Re: [isabelle] ML goes "incommunicado" for minutes at a time during sledgehammering

On Thu, 21 Apr 2016, Eugene W. Stark wrote:

The problem is that, during sledgehammering using "try" it seems that ML will go "incommunicado" for minutes at a time, and it is hard to figure out why.

On the snapshot from the "Heap" window, you can see spikes in memory usage, leading to what appears to be a major GC. Upon completion of the major GC, the "freeze" sets in, and no data is sent to the monitor for several minutes. When the data resumes, the heapsize is much lower, but quickly spikes up to the max and the cycle repeats. Because there is no data during the freeze period, it is difficult to tell what is going on, but I have to wonder what it is doing during those 3+ minutes when there is only a short spike of computing activity that takes place before it starts again.

Could anyone comment on whether this behavior is considered "normal"?

It sounds indeed like a normal consequence of a situation where the ML heap is under high pressure: tons of data produced and the GC + heap compaction phases trying to reclaim memory.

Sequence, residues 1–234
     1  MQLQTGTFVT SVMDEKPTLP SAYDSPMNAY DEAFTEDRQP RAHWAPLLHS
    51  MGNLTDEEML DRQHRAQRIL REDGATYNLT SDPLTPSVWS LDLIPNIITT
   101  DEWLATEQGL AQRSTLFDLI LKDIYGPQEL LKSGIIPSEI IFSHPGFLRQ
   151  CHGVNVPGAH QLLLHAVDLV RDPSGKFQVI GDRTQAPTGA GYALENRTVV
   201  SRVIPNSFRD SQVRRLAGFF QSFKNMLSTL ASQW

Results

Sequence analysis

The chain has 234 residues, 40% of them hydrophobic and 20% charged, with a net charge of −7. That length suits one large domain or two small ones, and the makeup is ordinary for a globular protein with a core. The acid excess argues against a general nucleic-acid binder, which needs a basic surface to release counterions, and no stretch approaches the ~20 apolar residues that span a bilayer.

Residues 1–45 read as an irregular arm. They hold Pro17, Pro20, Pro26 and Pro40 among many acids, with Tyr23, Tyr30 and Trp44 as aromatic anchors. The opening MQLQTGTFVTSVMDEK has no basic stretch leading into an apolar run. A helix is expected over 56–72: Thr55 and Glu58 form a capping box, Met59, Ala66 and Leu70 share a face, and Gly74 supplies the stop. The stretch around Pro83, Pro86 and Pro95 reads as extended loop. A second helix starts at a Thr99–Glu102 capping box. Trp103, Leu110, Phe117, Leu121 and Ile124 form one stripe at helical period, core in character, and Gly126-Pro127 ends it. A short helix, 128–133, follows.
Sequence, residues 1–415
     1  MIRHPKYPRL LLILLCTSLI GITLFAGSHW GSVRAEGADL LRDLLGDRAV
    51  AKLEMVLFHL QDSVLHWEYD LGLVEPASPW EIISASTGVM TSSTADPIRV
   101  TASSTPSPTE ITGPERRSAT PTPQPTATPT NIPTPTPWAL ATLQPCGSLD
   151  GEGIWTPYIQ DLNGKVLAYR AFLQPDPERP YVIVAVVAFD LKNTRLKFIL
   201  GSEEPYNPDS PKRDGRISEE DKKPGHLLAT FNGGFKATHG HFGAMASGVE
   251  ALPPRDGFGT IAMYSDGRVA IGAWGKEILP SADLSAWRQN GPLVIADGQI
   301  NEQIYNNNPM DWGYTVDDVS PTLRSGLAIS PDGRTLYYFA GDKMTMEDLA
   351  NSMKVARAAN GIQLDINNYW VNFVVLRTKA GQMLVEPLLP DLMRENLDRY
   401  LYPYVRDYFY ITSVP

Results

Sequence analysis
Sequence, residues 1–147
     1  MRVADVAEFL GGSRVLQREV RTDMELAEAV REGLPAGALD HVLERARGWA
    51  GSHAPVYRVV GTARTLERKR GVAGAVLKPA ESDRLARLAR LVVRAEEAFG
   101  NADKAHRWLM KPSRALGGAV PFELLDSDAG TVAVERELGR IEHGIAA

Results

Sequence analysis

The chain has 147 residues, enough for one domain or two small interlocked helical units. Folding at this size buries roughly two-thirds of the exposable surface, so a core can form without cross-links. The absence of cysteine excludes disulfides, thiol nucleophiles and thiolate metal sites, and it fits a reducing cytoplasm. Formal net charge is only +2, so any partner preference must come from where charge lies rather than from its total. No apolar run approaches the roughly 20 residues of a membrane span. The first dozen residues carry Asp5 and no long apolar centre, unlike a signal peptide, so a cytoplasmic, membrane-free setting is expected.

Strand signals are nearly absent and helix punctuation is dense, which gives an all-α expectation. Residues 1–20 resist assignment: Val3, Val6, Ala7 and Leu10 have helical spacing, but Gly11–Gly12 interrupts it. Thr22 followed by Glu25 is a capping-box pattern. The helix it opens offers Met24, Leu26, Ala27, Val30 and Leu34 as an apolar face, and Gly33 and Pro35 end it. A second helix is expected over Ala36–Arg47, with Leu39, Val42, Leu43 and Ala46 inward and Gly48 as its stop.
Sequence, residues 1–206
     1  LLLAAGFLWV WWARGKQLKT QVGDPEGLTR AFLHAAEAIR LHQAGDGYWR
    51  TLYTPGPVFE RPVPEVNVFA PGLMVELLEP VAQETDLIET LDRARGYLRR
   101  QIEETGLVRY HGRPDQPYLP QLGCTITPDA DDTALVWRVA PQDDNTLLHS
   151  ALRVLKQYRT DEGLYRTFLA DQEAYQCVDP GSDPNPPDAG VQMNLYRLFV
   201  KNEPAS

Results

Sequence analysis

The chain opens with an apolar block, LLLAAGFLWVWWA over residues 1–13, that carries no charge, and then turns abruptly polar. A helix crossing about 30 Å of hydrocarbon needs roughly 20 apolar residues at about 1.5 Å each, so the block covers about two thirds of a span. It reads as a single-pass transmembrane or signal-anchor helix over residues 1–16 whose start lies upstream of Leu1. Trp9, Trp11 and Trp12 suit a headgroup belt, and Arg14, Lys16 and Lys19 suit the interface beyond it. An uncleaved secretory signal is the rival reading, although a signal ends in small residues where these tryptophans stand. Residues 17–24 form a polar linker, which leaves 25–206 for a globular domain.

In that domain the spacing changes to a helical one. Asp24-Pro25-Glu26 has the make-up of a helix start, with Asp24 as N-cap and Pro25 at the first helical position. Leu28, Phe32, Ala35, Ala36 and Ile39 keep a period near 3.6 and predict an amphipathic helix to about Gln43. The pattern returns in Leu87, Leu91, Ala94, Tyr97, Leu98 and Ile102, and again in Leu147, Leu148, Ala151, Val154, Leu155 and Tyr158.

When the Poly/ML runtime system performs such GC-related operations, all ML threads are stopped. The Monitor data is produced by such a regular ML thread, so nothing will be reported during that time.

I am suspicious of some kind of thread signalling/synchronization issue, but not knowing anything about the actual implementation, can only speculate.

From the description of the problem, it does not really look like that.
Although there is always a possibility for something really strange going on.

In conclusion, my guess from a distance is that "sledgehammer" or "try" produce more data than expected, potentially due to unusually big theories. You could also try to reset the machine-learning information in $ISABELLE_HOME_USER/mash_state.

Since you are using 64bit Poly/ML with substantial amounts of heap space, the question is what makes the theories so big that this is required. Even the biggest applications on AFP still fit into the small memory model of 32bit with 3.5 GB heap. There is a penalty of approx. factor 2 in memory requirements, when switching from 32bit to 64bit.


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